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Big elephants in small ponds: Do large traders make financial markets more aggressive?

Listed author(s):
  • Bannier, Christina E.

Market participants often suspect that large traders have a disproportionate effect on financial markets, increasing the aggressiveness of market responses. Prior studies have shown that the impact of a large trader on a currency crisis depends positively on his size and informational position. By contrast, this article highlights the role that market sentiment has on the impact of a large trader. If the market believes that fundamentals are weak, then the probability of a crisis depends positively on the trader's size but negatively on the precision of his information, with these effects reversed in a generally optimistic market. A large player, therefore, need not make market responses more aggressive.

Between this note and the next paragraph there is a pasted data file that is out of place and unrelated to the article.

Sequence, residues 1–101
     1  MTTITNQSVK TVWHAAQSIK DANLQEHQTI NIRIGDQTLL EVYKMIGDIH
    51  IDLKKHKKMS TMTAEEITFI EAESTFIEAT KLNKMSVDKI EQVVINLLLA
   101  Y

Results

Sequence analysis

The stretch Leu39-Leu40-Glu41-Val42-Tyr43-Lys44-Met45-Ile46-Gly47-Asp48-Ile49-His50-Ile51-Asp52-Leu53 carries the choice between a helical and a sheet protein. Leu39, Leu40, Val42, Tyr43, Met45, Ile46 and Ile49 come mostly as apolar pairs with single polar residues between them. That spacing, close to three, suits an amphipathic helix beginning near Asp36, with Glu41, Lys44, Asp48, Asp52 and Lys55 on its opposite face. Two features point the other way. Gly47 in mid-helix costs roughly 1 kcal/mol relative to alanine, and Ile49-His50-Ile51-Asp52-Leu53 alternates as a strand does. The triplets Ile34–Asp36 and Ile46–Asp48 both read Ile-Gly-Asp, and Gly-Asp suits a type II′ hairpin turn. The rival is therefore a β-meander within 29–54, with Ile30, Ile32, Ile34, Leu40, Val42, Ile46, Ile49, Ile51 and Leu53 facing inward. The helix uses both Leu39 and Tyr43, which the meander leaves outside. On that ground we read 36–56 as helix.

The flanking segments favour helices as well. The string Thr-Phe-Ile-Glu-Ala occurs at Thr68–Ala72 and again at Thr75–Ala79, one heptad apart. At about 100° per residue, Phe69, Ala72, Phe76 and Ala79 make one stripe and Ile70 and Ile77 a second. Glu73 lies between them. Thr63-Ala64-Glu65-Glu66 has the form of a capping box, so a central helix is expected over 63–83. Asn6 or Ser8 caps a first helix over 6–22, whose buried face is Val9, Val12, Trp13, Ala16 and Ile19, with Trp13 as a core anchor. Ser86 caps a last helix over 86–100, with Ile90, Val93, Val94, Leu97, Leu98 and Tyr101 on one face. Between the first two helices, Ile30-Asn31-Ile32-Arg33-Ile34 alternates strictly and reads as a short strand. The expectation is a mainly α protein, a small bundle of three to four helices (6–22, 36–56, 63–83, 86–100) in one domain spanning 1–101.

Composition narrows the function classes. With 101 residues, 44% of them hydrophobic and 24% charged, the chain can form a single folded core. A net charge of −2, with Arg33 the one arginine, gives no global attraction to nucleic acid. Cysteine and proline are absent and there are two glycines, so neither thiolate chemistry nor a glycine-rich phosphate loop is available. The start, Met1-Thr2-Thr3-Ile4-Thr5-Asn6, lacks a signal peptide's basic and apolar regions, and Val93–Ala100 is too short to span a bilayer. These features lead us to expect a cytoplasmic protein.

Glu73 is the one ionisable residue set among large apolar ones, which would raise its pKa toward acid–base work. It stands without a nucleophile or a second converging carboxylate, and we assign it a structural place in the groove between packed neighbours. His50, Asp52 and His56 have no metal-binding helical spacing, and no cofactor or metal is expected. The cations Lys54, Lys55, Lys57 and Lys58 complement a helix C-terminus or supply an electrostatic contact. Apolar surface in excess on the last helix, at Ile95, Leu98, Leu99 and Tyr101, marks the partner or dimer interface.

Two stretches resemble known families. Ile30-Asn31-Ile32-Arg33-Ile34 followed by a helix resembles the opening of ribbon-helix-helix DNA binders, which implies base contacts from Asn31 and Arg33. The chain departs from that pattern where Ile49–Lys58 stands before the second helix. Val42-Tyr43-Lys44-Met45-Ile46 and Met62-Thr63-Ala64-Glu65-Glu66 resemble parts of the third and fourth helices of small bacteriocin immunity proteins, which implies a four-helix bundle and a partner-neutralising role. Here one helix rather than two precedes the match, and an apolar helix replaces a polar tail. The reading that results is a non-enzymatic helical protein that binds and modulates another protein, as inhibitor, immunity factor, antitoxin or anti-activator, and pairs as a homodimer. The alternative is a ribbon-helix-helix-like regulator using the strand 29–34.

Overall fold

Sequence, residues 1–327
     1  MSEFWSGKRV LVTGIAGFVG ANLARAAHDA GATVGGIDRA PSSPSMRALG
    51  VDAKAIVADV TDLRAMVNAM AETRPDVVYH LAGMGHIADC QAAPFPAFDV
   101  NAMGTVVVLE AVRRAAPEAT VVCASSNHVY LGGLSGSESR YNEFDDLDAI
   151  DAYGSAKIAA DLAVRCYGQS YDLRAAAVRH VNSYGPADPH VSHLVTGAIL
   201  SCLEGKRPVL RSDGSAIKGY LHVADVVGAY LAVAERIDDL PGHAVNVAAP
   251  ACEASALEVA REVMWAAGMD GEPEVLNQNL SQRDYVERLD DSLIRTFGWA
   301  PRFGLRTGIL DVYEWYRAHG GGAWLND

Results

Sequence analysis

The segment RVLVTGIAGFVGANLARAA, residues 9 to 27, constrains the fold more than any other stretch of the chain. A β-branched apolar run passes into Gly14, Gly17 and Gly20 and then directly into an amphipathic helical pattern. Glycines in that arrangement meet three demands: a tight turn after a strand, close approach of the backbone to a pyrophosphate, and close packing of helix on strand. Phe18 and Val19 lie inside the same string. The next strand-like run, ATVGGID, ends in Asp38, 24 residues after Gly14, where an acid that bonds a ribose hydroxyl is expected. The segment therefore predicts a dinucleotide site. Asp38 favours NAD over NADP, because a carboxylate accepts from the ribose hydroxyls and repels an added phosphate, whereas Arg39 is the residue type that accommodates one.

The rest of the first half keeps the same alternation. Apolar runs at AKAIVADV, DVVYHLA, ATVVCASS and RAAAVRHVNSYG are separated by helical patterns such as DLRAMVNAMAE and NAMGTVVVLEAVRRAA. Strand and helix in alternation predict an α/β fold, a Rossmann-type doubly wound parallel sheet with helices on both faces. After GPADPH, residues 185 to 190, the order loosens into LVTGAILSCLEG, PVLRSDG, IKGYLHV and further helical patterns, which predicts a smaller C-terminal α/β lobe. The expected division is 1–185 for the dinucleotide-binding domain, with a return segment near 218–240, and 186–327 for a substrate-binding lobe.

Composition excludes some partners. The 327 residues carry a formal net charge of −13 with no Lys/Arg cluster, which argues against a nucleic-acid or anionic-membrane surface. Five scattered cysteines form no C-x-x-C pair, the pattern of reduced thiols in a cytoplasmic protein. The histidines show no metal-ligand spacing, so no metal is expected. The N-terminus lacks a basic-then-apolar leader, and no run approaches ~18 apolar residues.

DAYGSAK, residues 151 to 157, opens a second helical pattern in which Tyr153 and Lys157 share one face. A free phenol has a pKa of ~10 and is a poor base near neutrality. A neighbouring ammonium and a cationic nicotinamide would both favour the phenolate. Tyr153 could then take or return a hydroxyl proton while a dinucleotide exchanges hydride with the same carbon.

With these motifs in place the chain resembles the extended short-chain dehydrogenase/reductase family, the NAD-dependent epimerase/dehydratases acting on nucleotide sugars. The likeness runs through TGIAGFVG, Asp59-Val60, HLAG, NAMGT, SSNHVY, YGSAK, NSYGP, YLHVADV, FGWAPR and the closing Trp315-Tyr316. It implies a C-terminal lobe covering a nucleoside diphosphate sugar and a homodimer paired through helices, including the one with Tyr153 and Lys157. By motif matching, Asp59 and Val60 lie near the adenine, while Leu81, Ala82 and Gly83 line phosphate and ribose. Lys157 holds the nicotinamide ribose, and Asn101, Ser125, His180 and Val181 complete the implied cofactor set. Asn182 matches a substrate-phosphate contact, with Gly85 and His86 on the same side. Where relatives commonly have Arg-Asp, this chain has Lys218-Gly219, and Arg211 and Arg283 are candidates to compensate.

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Article provided by Elsevier in its journal Journal of Monetary Economics.

Volume (Year): 52 (2005)
Issue (Month): 8 (November)
Pages: 1517-1531

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Handle: RePEc:eee:moneco:v:52:y:2005:i:8:p:1517-1531
Contact details of provider: Web page: http://www.elsevier.com/locate/inca/505566

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  1. George-Marios Angeletos & Christian Hellwig & Alessandro Pavan, 2003. "Coordination and Policy Traps," NBER Working Papers 9767, National Bureau of Economic Research, Inc.
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  6. Carmen M. Reinhart & Graciela L. Kaminsky, 1999. "The Twin Crises: The Causes of Banking and Balance-of-Payments Problems," American Economic Review, American Economic Association, vol. 89(3), pages 473-500, June.
  7. Morris, Stephen & Shin, Hyun Song, 2004. "Coordination risk and the price of debt," European Economic Review, Elsevier, vol. 48(1), pages 133-153, February.
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